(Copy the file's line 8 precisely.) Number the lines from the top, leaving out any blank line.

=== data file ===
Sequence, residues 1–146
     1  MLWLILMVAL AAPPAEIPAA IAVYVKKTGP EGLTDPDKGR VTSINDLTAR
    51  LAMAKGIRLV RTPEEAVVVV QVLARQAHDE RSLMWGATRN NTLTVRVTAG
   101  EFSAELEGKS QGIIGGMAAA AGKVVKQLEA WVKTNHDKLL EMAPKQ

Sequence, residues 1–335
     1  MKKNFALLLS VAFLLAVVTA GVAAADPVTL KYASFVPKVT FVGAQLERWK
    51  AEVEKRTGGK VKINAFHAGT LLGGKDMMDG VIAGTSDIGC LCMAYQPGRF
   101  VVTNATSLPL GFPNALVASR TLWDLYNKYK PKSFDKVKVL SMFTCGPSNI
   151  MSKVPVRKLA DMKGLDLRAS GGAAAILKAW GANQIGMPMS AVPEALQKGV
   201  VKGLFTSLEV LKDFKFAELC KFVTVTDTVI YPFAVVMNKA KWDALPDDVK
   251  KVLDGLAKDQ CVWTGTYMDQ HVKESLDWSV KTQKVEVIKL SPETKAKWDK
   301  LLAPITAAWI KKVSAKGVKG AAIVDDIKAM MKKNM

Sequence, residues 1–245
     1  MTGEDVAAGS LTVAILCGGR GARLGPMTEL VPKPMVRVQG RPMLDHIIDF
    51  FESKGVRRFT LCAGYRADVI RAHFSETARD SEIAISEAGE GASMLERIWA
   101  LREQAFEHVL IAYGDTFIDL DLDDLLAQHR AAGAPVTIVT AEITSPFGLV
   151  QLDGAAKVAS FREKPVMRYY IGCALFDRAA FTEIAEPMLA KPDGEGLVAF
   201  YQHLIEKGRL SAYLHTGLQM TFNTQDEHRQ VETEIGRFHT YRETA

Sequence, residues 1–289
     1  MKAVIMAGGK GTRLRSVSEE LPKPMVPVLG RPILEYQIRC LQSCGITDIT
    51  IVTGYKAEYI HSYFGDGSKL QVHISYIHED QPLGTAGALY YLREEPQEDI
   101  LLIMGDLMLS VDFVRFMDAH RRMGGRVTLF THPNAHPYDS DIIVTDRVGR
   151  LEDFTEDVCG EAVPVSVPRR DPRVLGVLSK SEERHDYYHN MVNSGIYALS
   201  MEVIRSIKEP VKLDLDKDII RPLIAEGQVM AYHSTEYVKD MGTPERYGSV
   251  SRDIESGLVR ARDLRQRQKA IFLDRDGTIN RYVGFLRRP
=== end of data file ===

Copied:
   101  VVTNATSLPL GFPNALVASR TLWDLYNKYK PKSFDKVKVL SMFTCGPSNI